•  

        Thank you. I replaced my hard-wired one with similar ones to these just to avoid replacing batteries every year.

    •  

      They are wireless. It comply with Australian Standard 3786-2014 and compatible with QLD Rental Legislation.

      • +1 vote

        This is incorrect.

        AS3786 is a manufacturing standard for smoke alarms and basically means nothing in terms of installation requirements.

        Although the BCA states that smoke alarms need to be manufactured to AS3786 it also specifies that smoke alarms require a hard wired connection with a battery backup.

        Therefore smoke alarms with a ten year lithium battery are non compliant if they aren’t hard wired.

        Source: Accredited Certifier with over 20 years experience.

        •  

          Are you saying to comply with QLD Rental Legislation, only hard-wired smoke alarm can be installed?

          •  

            @Ahan: Regardless of if it is a rental or an owner occupier the BCA states hard wired smoke alarms are required to be installed.

            So yes

            • +1 vote

              @Rambler: Here’s an extract from Volume 2 of the BCA.

              3.7.5.2 Smoke alarm requirements
              Smoke alarms must—

              (a) be located in—

              (i) Class 1a buildings in accordance with 3.7.5.3 and 3.7.5.5; and

              (ii) Class 1b buildings in accordance with 3.7.5.4 and 3.7.5.5.

              (b) comply with AS 3786, except that in a Class 10a private garage where the use of the area is likely to result in smoke alarms causing spurious signals, any other alarm deemed suitable in accordance with AS 1670.1 may be installed provided that smoke alarms complying with AS 3786 are installed elsewhere in the Class 1 building; and

              (c) be powered from the consumer mains source where a consumer mains source is supplied to the building; and

              (d) be interconnected where there is more than one alarm.

              Edit:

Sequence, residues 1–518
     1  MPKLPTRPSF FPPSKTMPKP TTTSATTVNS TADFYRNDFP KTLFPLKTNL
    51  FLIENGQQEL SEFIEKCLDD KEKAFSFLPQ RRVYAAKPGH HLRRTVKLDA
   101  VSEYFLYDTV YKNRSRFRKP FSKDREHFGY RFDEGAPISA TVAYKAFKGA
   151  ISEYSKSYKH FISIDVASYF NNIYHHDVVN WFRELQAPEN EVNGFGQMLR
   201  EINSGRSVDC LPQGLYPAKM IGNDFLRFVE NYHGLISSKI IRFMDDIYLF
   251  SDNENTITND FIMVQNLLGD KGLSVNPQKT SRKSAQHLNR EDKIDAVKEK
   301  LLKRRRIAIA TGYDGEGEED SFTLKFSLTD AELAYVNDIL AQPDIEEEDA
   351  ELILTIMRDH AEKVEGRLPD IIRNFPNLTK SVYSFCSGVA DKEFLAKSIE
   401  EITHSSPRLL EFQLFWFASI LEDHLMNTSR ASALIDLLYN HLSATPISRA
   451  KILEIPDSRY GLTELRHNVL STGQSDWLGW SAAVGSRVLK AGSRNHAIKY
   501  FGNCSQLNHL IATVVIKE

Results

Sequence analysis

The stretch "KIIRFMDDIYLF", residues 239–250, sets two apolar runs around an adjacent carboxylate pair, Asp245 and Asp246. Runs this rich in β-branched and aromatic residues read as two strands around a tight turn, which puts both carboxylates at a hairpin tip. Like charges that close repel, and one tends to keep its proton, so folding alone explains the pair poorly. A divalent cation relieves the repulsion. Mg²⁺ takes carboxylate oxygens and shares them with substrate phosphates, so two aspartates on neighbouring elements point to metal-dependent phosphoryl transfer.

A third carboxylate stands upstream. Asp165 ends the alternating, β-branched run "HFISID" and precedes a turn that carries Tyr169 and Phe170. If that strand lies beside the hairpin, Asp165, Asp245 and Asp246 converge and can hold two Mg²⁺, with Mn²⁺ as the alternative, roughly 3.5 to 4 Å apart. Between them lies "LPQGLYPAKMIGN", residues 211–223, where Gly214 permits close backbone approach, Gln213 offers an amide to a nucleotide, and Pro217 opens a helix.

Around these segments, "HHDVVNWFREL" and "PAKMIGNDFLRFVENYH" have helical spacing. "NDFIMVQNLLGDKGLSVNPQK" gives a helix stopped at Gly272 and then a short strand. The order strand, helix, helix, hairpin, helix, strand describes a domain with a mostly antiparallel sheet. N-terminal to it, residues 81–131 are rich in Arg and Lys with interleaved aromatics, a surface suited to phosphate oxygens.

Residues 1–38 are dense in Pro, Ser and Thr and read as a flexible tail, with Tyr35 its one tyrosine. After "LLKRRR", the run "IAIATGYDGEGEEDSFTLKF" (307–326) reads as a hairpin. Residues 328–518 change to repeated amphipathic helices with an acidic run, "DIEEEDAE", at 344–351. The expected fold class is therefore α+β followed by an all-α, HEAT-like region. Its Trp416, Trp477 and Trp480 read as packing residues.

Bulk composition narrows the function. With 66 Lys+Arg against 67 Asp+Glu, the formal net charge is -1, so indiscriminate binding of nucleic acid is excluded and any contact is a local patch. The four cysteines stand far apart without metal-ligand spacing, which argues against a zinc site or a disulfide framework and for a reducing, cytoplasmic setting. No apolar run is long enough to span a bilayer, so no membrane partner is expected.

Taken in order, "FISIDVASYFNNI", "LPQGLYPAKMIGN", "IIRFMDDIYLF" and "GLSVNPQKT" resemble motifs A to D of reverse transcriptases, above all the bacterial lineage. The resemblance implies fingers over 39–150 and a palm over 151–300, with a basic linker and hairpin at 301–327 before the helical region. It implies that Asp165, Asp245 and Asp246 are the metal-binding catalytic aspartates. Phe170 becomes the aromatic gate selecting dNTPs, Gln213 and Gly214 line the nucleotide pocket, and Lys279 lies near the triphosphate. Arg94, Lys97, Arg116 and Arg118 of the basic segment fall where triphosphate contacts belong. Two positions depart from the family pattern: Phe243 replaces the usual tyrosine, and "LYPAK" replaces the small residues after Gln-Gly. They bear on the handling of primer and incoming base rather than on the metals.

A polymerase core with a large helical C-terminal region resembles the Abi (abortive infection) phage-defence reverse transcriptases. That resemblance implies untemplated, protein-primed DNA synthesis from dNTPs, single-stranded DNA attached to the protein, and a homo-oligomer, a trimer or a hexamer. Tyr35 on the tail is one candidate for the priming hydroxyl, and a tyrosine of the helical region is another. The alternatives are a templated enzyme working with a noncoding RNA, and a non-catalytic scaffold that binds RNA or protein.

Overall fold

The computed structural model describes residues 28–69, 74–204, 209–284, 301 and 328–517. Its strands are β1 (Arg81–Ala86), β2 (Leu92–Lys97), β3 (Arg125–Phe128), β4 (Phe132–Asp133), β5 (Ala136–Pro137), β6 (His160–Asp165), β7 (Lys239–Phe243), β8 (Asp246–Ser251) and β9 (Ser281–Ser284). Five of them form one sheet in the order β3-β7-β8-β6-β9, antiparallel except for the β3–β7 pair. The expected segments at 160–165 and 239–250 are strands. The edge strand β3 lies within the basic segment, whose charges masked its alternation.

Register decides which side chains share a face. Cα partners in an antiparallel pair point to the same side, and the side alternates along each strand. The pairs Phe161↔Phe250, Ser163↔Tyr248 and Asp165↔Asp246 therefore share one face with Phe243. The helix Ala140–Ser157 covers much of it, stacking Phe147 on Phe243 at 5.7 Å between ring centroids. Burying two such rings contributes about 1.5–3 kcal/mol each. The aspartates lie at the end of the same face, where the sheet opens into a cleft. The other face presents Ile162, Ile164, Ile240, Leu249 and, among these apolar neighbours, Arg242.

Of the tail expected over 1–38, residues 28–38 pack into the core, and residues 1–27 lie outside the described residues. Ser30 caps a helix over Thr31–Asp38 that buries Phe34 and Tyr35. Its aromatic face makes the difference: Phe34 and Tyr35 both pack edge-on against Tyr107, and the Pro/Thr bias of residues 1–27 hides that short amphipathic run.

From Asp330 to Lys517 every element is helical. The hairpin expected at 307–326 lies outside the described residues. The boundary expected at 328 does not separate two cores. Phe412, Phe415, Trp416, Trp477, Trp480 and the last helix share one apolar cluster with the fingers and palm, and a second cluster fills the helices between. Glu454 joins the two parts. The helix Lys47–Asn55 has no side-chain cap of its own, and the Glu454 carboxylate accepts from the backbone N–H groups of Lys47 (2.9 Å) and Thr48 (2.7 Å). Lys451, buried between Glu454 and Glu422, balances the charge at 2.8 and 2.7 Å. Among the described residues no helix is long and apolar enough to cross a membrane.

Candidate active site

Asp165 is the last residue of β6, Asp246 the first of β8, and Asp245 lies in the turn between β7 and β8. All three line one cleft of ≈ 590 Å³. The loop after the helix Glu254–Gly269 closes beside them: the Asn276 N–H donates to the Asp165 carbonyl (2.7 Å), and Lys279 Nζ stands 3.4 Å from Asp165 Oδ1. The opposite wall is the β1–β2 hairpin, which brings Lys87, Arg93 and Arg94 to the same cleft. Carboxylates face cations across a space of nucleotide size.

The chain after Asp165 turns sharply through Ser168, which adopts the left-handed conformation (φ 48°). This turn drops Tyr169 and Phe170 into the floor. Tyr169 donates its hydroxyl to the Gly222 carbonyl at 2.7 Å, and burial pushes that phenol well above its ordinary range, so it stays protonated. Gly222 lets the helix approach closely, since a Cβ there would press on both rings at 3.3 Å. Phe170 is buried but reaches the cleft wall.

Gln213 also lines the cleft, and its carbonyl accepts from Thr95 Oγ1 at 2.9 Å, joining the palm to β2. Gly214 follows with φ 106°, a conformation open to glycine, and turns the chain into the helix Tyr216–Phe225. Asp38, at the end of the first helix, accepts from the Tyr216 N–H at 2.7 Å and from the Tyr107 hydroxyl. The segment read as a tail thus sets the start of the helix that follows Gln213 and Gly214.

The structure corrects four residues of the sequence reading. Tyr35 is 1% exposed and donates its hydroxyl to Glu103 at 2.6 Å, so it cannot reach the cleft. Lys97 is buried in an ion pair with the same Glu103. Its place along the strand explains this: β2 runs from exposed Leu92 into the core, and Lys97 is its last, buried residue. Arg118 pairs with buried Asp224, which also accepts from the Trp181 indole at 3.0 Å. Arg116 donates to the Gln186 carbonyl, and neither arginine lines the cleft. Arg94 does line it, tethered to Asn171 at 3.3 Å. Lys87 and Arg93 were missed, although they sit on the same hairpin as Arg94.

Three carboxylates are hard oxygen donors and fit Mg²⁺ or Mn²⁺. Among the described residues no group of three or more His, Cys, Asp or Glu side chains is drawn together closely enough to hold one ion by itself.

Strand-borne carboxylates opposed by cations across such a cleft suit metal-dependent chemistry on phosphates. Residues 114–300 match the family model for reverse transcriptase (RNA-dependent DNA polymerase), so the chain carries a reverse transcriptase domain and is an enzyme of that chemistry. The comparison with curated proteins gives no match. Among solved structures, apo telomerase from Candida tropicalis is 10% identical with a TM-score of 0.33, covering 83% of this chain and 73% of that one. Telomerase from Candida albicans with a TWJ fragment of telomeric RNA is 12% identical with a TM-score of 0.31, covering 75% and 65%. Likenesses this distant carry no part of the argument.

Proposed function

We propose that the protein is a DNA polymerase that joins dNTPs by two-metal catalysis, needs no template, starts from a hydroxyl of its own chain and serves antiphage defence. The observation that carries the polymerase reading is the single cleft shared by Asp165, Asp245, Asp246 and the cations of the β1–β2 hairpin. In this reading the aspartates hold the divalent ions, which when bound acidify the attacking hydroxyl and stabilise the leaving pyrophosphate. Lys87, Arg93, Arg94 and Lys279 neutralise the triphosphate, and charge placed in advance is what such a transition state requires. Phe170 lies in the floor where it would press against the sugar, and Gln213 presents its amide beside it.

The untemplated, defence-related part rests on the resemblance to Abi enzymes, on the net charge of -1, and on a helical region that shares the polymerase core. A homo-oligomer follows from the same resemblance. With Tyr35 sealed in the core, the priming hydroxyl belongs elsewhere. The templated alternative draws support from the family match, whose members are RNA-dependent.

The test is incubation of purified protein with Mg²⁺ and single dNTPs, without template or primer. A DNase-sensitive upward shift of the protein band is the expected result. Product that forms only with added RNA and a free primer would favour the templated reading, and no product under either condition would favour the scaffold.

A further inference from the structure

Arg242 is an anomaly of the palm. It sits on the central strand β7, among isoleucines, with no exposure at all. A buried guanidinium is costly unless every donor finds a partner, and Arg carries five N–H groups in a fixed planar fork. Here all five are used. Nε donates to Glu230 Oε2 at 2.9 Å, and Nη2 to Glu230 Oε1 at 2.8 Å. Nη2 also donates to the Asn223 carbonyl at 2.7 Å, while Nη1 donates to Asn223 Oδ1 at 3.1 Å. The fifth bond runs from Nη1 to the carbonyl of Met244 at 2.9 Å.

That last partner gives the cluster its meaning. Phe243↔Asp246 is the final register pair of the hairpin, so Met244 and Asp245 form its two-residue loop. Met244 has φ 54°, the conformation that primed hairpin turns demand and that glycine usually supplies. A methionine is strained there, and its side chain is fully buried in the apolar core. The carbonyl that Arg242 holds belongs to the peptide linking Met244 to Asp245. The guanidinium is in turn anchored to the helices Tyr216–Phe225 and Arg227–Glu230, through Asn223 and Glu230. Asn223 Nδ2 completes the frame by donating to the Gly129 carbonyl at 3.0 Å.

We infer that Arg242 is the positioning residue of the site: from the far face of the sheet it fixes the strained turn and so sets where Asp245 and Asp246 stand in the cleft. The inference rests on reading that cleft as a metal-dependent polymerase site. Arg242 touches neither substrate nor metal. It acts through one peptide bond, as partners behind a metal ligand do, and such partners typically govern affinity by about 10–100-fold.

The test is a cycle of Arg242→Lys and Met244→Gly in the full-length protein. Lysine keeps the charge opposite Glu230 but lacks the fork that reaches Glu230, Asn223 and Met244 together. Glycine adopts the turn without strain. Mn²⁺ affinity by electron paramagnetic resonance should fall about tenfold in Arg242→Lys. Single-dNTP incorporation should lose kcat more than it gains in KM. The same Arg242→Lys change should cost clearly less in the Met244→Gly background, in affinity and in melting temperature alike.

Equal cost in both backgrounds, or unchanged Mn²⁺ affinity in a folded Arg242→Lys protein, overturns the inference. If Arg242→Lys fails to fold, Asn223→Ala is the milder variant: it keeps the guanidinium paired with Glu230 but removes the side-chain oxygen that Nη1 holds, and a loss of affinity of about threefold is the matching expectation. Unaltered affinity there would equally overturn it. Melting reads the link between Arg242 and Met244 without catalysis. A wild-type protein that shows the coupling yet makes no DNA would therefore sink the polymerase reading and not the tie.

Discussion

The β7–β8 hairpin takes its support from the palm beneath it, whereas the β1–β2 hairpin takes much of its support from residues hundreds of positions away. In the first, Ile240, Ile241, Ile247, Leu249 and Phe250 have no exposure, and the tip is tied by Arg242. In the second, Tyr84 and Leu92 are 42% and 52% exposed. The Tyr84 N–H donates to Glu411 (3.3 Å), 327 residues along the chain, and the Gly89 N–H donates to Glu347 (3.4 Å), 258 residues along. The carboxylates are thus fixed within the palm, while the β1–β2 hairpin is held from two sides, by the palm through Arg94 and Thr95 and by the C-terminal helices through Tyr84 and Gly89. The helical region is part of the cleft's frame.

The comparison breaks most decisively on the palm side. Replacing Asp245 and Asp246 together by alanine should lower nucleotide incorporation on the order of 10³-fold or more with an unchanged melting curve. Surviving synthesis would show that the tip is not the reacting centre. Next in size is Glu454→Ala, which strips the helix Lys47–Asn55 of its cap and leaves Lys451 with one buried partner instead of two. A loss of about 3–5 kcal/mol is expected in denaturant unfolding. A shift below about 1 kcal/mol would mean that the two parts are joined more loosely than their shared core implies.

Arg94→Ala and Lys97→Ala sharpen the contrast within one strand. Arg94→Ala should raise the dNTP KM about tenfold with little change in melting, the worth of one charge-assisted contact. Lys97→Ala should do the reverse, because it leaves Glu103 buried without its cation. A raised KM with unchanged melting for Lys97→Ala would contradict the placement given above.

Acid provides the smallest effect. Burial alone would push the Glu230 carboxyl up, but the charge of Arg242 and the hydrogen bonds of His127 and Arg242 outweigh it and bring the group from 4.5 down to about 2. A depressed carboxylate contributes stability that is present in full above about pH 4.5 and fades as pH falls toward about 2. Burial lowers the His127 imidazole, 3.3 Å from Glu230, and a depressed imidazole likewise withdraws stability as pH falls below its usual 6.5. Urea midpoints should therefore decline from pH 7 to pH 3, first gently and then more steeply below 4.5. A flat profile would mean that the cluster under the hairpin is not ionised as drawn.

Class 1a is a residential home
              Class 1b is a boarding house.

        •  

          From what I can gather, it varies a bit state-to-state

          But in QLD, hardwired is required in new or significantly renovated areas, or when replacing an existing hardwired alarm
          10-year battery is OK otherwise

          Source: https://masterelectricians.com.au/blog/smoke-alarm-requireme...

          Skin in the game: I just put interconnected/10-year battery smoke alarms through my home and really don't want to hardwire them.

          •  

            @senorclean: There aren’t any state variations under the provisions of Section 3.7.5 of the BCA that allow this exemption.

            The reason they switched from battery operated smokes to hard wired smokes wasn’t because people weren’t changing the batteries, people were ripping them off the ceiling because of false alarms due to ‘burnt toast’.

            They found that your less likely to do that with the possibility of being electrocuted.

            •  

              @Rambler: That's fair enough - and I understand the reasoning behind requiring hardwiring for new builds.

              But the question is - do existing dwellings need to comply with the current building code?

              Loads of sources say battery is OK for existing dwellings:

              https://www.qfes.qld.gov.au/prepare/fire/smoke-alarms/existi...
              https://www.detectorinspector.com.au/legislation-smoke-alarm...